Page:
A pacemaker infection is a bacterial infection that takes root at the site of a pacemaker implant. These implants are relatively common devices used to help people with heart difficulties maintain a regular, steady beat, and in most cases they’re made up of electrically charged wires that are inserted in to the heart at one end and a small battery back that sits just below the skin on the other. Infections can happen anywhere, but they tend to be most common around the battery pack. They are usually caused by contamination during placement or exposure to airborne bacteria during the healing phase. Incisions that don’t heal properly can also make infection more likely. Surgeons and healthcare providers often tell patients to keep the area clean and dry at all times, especially in the days immediately following the procedure, and may also proactively prescribe a course of antibiotics to reduce the risk.
Pacemakers are medical devices that are surgically inserted into a person's chest wall as a way of ensuring that the person's heart maintains a steady rhythm. They are commonly used be used to treat bradycardia, which is a low heart beat, typically under 60 beats per minute, or tachycardia, which is a heart rate that is far too fast. Both can be life threatening if not managed. While some medications can help, actually manipulating the beating pattern is often the easiest way to get consistently good results.
Pacemaker technology is usually considered quite advanced, and there aren’t usually many side effects for patients who participate in all regular check-ups and evaluations. Infections are one exception, and can happen to almost anyone. They’re usually easy to treat, but do require medical attention in most cases.
Main Causes of Infection
These sorts of infections aren’t caused by anything special or unusual; in most instances, they happen the same way any infections do. Bacteria penetrates the body’s tissues where it replicates and grows, destroying healthy cells and spreading to new areas until stopped. Some of the biggest risk factors where pacemakers are involved include contaminated surgical tools and exposure to bacterial strains in the operating room or during healing. The risk also goes up if the incision site isn’t cleaned properly or if it doesn’t heal completely.
The rate of infection also tends to be slightly higher with temporary devices. A temporary pacemaker can be used to regulate a heart rate for only a short time, such as during recovery from a specific disease or heart condition that isn’t permanent. Unlike standard models that are enclosed completely within the body, some of the controls for temporary devices are actually outside the chest cavity. Access points to the heart and inner body cavities provide more opportunities for bacteria to penetrate and cause trouble.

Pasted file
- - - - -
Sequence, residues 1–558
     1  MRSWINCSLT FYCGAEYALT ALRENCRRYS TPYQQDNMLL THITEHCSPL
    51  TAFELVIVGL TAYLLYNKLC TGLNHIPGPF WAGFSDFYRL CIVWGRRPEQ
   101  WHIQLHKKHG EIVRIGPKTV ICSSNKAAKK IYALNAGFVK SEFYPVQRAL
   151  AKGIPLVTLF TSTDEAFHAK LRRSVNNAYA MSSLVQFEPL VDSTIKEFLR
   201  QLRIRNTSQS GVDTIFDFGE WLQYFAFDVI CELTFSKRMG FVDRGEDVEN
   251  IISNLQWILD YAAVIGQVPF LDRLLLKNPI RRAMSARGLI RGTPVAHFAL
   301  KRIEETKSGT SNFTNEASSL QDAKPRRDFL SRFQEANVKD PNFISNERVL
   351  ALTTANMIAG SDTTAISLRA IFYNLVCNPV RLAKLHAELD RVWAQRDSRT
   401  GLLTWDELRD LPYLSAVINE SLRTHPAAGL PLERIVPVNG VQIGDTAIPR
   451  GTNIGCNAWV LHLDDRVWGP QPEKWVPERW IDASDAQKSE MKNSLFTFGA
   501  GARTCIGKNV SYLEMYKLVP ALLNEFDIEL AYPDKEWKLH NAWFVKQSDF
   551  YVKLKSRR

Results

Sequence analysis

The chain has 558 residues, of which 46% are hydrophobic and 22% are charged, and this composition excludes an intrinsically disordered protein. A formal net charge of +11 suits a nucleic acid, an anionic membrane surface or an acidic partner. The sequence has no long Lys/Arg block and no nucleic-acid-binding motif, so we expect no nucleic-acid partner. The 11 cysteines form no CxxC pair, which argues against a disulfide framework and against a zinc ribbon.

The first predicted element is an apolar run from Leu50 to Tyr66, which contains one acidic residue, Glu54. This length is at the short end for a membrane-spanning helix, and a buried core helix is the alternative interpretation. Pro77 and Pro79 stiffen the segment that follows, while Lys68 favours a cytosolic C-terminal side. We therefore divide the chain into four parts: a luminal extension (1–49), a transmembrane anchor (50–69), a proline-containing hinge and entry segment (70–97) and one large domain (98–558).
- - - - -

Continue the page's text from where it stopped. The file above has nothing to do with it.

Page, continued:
A primary pacemaker infection is most often a deep infection in the pocket of skin made for the device or in the tissue surrounding the area and can typically be traced to a contaminated device or bacterial contamination at the time the device was implanted. These infections are generally rare because of the sterile surgical conditions involved in the pacemaker implantation procedure in most hospitals.
Most infections are what’s known as “secondary” and is almost always the result of bacteria entering the blood system. For example, patients who have developed a bacteremia, or blood infection, usually from a cut or problem elsewhere in the body, may have those same bacteria migrate and cause a pacemaker infection. If left for too long, these sorts of infections can lead to endocarditis, a serious infection of the muscle layers of the heart.
Treatment and Prognosis
Localized infections are usually treated with antibiotics for anywhere from 14 to 21 days. Any apparent drainage from the site will be cultured to ensure that the antibiotics used are the right ones to treat the bacteria. More serious pacemaker infections involving the wires, the pocket of skin surrounding the device, or a systemic blood infection from another source must usually be treated with aggressive antibiotic therapy and surgical removal of the contaminated device. A temporary external pacemaker may be needed while the infection is eliminated, since a clean, sterile new device can usually only be implanted once a person has been cleared of all infections.
Doctors sometimes prescribe preventive antibiotics at the time of pacemaker surgery in an attempt to ward off any potential infections. Patients are usually also given specific directions about how to care for themselves as they heal, as well as what to watch for. Signs of such an infection include pain and fever. Anyone who suspects that they have an infection related to a recent pacemaker surgery are typically advised to get a medical consultation.